While the link between the SME community and the slightly more niche asset finance industry might not immediately be apparent, or even seem interesting, it is certainly an opportunity for those who spot it, writes Quotevine’s Daniel Layne.
Think of a world where an SME owner could easily identify goods or services that they need, and obtain them quickly and easily – rather than relying upon existing, archaic leasing methods such as filling in physical paperwork and waiting for approval.
Imagine just pulling out a phone and achieving the same result with a few easy taps. This has already become the norm for consumers who use apps like Uber, Deliveroo and Zipjet, but no one seems to have told the asset finance industry.
For the SME owner, financing their business is already a pressing concern, even before you factor in potential issues with sourcing lenders and customers that may arise post-Brexit. This lack of access to lenders and customers is raising concerns due to research by C2FO, an online market for working capital, which found cash flow to be the SME community’s single greatest obstacle to growth – especially with access to working capital getting more expensive.
While the link between the SME community and the slightly more niche asset finance industry might not immediately be apparent, or even seem interesting, it is certainly an opportunity for those who spot it. Powerful new data-driven technologies are waiting in the wings to provide business owners with access to critical goods and services in a more cost-effective way, ultimately helping to alleviate cash-flow problems and make the business more operationally resilient.
How? you ask. Well, in the not-too-distant future, lessors will, as standard, rely on technology to harness customer, pricing and broader marketing data in an intelligent attempt to provide customers with precise, scalable and cheaper lease terms. These lease agreements – entirely tailored to business’ needs – reduce the probability of wasted time and capital.
This may already seem like a huge step forward – and it is – but it does not stop there. In this future, lessors will even be able to give SME customers creative opportunities to make money from their existing agreements – potentially bolstering cash flow – using technology to sub-lease goods and services to other businesses and consumers when they are not in use. This potentially unlocks huge additional streams of revenue in the agriculture and manufacturing industries, among others, where the cost of infrequently used machinery is high.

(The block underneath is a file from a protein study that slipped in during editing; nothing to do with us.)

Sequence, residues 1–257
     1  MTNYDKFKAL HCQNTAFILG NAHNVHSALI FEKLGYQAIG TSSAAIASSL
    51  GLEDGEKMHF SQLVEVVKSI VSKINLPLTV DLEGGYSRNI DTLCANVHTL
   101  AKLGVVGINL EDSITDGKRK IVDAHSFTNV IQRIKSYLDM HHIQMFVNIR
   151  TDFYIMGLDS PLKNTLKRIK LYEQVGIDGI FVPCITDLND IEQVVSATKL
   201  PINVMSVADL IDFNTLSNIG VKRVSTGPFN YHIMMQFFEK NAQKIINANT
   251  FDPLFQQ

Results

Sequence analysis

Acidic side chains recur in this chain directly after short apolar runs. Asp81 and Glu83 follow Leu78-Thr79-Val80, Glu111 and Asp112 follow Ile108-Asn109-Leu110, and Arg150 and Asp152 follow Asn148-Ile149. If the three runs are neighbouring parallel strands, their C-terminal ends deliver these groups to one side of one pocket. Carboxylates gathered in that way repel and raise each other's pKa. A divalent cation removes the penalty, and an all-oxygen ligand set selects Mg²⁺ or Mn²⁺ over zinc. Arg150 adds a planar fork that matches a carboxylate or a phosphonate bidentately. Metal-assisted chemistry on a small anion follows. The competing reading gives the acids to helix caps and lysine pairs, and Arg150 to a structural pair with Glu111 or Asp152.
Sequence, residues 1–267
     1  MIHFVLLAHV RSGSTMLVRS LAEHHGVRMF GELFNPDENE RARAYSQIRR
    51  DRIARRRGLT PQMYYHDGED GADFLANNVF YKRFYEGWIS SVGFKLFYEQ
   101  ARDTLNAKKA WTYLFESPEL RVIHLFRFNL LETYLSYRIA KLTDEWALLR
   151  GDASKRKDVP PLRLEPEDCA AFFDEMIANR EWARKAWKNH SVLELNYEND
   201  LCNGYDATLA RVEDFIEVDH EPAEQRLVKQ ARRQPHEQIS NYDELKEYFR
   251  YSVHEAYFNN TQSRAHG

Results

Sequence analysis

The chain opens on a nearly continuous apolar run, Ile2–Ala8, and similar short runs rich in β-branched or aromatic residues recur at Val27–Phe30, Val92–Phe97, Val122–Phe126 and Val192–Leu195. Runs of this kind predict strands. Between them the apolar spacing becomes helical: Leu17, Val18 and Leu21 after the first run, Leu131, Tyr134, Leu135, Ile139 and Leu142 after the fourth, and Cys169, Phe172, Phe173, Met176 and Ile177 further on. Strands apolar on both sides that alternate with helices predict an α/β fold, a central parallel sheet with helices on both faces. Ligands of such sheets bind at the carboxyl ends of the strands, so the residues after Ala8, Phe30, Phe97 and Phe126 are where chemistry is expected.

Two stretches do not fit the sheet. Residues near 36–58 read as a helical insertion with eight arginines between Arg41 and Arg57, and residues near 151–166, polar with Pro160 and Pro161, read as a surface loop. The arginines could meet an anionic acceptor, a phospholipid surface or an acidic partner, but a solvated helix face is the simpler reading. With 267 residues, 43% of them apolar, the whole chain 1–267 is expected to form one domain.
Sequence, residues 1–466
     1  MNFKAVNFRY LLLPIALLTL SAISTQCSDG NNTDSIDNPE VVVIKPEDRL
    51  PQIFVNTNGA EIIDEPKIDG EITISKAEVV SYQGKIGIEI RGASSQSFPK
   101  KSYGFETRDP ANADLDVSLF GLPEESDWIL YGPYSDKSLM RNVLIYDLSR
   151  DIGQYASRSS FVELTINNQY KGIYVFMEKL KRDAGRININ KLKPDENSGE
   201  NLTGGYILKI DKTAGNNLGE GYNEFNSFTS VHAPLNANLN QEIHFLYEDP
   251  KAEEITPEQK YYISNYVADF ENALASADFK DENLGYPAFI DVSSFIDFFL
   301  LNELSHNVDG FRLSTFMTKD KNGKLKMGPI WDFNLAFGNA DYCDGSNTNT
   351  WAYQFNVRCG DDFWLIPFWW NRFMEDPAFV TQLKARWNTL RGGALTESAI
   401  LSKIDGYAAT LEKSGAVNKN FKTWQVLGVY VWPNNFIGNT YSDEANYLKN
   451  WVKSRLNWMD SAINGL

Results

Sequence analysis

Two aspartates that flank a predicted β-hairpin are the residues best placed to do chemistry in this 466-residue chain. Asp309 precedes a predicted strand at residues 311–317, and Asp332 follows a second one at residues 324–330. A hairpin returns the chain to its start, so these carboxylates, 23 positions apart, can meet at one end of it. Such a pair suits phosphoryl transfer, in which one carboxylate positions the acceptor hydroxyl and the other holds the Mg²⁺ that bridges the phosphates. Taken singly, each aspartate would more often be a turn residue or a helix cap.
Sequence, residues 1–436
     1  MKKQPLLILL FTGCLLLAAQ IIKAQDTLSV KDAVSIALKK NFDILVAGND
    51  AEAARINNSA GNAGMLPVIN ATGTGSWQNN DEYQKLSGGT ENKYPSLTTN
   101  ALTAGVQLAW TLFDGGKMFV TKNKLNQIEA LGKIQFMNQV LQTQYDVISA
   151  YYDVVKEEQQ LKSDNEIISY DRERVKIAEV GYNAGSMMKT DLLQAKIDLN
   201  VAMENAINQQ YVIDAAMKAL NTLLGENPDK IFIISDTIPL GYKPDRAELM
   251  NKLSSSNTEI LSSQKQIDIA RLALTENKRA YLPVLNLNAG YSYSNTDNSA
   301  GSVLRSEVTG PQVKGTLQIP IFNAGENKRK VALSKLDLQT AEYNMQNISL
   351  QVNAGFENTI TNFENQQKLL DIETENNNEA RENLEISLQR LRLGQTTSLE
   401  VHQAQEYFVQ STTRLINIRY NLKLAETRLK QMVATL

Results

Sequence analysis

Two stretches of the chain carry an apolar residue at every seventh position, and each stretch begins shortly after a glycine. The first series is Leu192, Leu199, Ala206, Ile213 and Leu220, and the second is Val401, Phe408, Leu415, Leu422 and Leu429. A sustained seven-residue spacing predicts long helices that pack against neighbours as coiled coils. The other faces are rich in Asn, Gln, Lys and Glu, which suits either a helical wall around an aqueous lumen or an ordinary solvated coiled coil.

The above might present a future so positive and innovative that many people in both the SME and asset finance space might be sitting there smiling and wondering when this utopia will become a reality. And who could blame them, right?
Well, while we are very much on the way, there is still some work that needs to be done before this becomes a reality. In short, to get there, the asset finance industry must become more open to adopting technologies and new ways of working before this dramatic change comes about. The technology is out there – and ready to be implemented – but it will take vision and bravery before we see it appear in the sector.
For many in the asset finance industry, especially those who have been lucky enough to experience a long and successful career, the above might seem unnecessary or even scary. It may seem like change for the sake of change in a space that has ultimately performed the same way for several decades. It works, so why fix it?
This viewpoint, however, would not be understood by the next generation of SME owner, who is used to ordering an Uber and waiting a mere four minutes before it arrives, or who, from a consumer perspective, can arrange for their bedside table to be picked up from their house and held in storage, all from their phone.
This SME owner might not be quite so understanding when you tell them that the way businesses access goods and services currently works as is. Especially if they are close to a cash-flow problem because they cannot access these goods or services quickly or cheaply enough to stay afloat.
So yes, the future of asset finance might seem some way off at the moment, but that does not mean that change will not come eventually. The demand is there and – much like innovators in the consumer space – whoever is first to the prize may not only revolutionise the SME space, but their profit margins, too.
by Daniel Layne